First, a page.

On November 12, 2018, we warned that weak Iran sanctions and oversupply would doom oil prices.
Back then, U.S. supply was rising, demand was weakening and there was a gloomy world economic outlook. U.S. foreign policy toward Iran further complicated matters.
After talking tough for nine months about cutting off the flow of oil from Iran, the U.S. backed down.
As Scott Nations, the president and chief information officer of fund manager NationsShares, said: “The sanctions against Iran are more like suggestions now.”
Oil Prices Begin to Climb in 2019
Check out my video below to hear about recent news from the oil space.
Here’s what happened to the oil price:
A Bounce From December Lows
At the end of that article, we warned that oil prices would turn in 2019:
In the last 12 months, Venezuela’s oil production fell by 600,000 barrels per day. It sits at 1.2 million barrels per day right now. But the decline continues.
At the same time, global oil demand continues to climb. According to the Energy Intelligence Group, oil demand grew by 2.1 million barrels per day in 2018.
That means supply must keep up. And up until now, it has. But looking forward, we see a far grimmer picture.
Today, Iran has about 1.5 million barrels per day in exports.
The waivers expire in 180 days. There is uncertainty in how much oil will be shut in from Iran. This will become a slow cinching off Iran exports over the next six to 12 months.
Oil supply will eventually fall behind. That means we are close to the low point in oil prices for the next year.
A Way to Profit From Oil’s Price Increase
Now we have less than a week to go, and the U.S. is talking tough again. Oil prices rose from $42.50 per barrel to nearly $66 per barrel today. That’s a 55% increase in four months.
And the oil market is much tighter than before. Here are some changes from just four months ago:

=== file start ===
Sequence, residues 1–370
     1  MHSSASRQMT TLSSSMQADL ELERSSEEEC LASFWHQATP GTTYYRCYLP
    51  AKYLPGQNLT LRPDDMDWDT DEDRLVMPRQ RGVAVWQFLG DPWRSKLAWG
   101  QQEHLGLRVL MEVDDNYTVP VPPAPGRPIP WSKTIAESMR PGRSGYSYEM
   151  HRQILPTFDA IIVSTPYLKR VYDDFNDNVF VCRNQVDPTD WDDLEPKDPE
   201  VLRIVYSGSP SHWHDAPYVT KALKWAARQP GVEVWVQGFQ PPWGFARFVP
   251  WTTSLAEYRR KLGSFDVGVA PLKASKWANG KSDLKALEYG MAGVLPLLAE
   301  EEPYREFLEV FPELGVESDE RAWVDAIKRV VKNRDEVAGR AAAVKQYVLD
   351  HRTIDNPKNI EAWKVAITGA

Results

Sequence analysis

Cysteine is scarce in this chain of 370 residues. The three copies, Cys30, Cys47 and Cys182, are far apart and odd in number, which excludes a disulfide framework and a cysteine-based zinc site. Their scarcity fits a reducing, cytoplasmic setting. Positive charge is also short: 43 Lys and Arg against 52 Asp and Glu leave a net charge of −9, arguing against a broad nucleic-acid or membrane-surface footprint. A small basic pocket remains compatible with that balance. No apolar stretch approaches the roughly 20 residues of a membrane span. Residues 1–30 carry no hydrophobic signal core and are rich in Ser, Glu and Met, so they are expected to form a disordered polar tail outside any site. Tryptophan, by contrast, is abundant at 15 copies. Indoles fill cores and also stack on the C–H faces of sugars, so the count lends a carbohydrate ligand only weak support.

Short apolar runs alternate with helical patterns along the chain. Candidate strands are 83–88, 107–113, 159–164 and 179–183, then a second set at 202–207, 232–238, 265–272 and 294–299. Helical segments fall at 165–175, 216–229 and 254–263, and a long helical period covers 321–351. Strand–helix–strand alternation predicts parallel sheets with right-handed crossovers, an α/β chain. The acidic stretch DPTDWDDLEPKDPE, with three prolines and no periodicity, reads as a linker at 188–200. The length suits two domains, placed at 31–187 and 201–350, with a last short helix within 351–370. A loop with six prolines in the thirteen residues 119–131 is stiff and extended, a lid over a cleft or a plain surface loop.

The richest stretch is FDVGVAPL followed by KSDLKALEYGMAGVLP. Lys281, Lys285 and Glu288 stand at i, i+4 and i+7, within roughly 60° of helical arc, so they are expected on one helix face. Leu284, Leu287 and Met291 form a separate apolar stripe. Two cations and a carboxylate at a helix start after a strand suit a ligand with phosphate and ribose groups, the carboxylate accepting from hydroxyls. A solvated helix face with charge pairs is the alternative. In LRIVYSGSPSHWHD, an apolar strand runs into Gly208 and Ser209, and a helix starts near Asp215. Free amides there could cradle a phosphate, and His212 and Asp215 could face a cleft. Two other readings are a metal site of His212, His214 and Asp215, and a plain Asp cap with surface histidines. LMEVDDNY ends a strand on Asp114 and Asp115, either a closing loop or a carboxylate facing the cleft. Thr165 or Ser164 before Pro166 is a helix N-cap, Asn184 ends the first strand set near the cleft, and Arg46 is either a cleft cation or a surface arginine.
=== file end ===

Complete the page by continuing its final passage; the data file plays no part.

- Venezuela’s crude oil production fell from 1.2 million barrels per day in November 2018 to 890,000 barrels per day today — down 26% in four months.
- According to Energy Intelligence data, global oil demand declined 11%, from 101.9 million barrels per day to 91 million barrels per day.
- OPEC’s crude oil production fell 8%, from 33.1 million barrels per day to 30.3 million barrels per day.
- Iran’s crude exports rose from 1.1 million barrels per day in November 2018 to 1.3 million barrels per day today. Sanctions could cut all that off the market.
- Global sentiment is much more bullish on oil today. The fear of Iranian retaliation in the region has investors worried — Iran threatened to close the Strait of Hormuz (which is a major oil shipping transit point).
The oil market is far different today than it was just four months ago.
However, oil stocks haven’t benefited as much as we would expect. The SPDR Oil & Gas Exploration and Production exchange-traded fund (NYSE: XOP) is up 33% from its low in December 2018 — well below the 55% gains in the oil price.
That looks like an opportunity to me. These higher oil prices will show up in the second-quarter earnings reports.
And for many oil companies, the extra oil price will go straight to the earnings line. I expect to see oil companies’ shares rise steadily over the next few months.
It looks like a great time to be long oil companies.
Editor, Real Wealth Strategist
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